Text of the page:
0

Full Content is available to subscribers

Subscribe/Learn More  >

Thermal Needs and Challenges for the Solid State Lighting Devices: Materials to Packages

[+] Author Affiliations
Mehmet Arik, Stanton Weaver, Anant Setlur, Deborah Haitko

GE Global Research Center

Paper No. IMECE2005-79330, pp. 459-466; 8 pages
doi:10.1115/IMECE2005-79330
From:
  • ASME 2005 International Mechanical Engineering Congress and Exposition
  • Electronic and Photonic Packaging, Electrical Systems Design and Photonics, and Nanotechnology
  • Orlando, Florida, USA, November 5 – 11, 2005
  • Conference Sponsors: Electronic and Photonic Packaging Division
  • ISBN: 0-7918-4217-7 | eISBN: 0-7918-3769-6
  • Copyright © 2005 by ASME

abstract

Light emitting diodes historically have been used for indicators and produced low amounts of heat. The introduction of high brightness LEDs with white light and monochromatic colors have led to a movement towards specialty and general illumination applications. The increased electrical currents used to drive the LEDs have focused more attention on the thermal paths in the LED packages and developments in LED power packaging. The luminous efficiency of LEDs is soon expected to reach over 80 Lumens/Watt that is approximately 6 times more than a conventional tungsten bulb. The thermal challenges include but not limited to chip architecture, packaging, phosphors for light conversion, encapsulants and fillers for optical transparency, interconnects for both electrical and thermal reasons. A typical LED power-package has a 1mm2 surface area with a total heat generation of 1 W. This corresponds to a heat flux of 100 W/cm2 , which is much higher than heat fluxes at the current electronics packaging. In this paper, effect of the thermal management on packaging architectures, as well as phosphor and encapsulants are discussed. Discussions on the microscopic defects due to packaging problems as well as chip active layer defects are presented through experimental findings.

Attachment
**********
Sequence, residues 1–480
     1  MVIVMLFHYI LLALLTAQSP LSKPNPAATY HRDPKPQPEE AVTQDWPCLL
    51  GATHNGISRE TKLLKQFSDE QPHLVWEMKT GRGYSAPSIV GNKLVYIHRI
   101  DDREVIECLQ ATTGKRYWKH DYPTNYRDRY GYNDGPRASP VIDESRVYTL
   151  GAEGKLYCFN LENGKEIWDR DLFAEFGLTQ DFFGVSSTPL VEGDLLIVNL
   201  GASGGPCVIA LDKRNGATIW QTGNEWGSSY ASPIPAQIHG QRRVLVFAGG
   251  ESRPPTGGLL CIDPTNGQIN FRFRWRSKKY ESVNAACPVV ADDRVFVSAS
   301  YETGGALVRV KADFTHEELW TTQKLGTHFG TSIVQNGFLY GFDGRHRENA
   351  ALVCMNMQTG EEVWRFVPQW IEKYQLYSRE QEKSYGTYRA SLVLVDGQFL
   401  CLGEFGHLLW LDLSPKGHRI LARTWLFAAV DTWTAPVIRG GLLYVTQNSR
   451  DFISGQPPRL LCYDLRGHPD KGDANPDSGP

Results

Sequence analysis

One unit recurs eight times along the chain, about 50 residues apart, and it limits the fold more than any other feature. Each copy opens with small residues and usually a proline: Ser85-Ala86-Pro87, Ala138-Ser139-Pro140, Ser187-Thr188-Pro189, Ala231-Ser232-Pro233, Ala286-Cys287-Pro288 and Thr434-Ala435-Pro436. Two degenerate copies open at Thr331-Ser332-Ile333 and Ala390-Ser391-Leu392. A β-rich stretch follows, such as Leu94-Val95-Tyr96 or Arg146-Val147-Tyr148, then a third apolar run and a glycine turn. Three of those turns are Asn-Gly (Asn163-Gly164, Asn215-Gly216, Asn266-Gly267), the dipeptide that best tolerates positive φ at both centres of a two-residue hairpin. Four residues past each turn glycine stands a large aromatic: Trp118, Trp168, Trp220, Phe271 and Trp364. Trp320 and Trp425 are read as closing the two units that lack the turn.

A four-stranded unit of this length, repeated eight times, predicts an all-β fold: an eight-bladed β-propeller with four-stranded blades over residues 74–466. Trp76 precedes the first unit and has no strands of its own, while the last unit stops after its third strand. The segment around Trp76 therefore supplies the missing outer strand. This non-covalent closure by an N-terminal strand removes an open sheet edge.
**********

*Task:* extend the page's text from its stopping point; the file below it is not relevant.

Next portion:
Copyright © 2005 by ASME

Figures

Tables

Interactive Graphics

Video

Country-Specific Mortality and Growth Failure in Infancy and Yound Children and Association With Material Stature

Use interactive graphics and maps to view and sort country-specific infant and early dhildhood mortality and growth failure data and their association with maternal

NOTE:
Citing articles are presented as examples only. In non-demo SCM6 implementation, integration with CrossRef’s "Cited By" API will populate this tab (http://www.crossref.org/citedby.html).

Some tools below are only available to our subscribers or users with an online account.

Related Content

Customize your page view by dragging and repositioning the boxes below.

Related eBook Content
Topic Collections

Sorry! You do not have access to this content. For assistance or to subscribe, please contact us:

  • TELEPHONE: 1-800-843-2763 (Toll-free in the USA)
  • EMAIL: asmedigitalcollection@asme.org
Sign In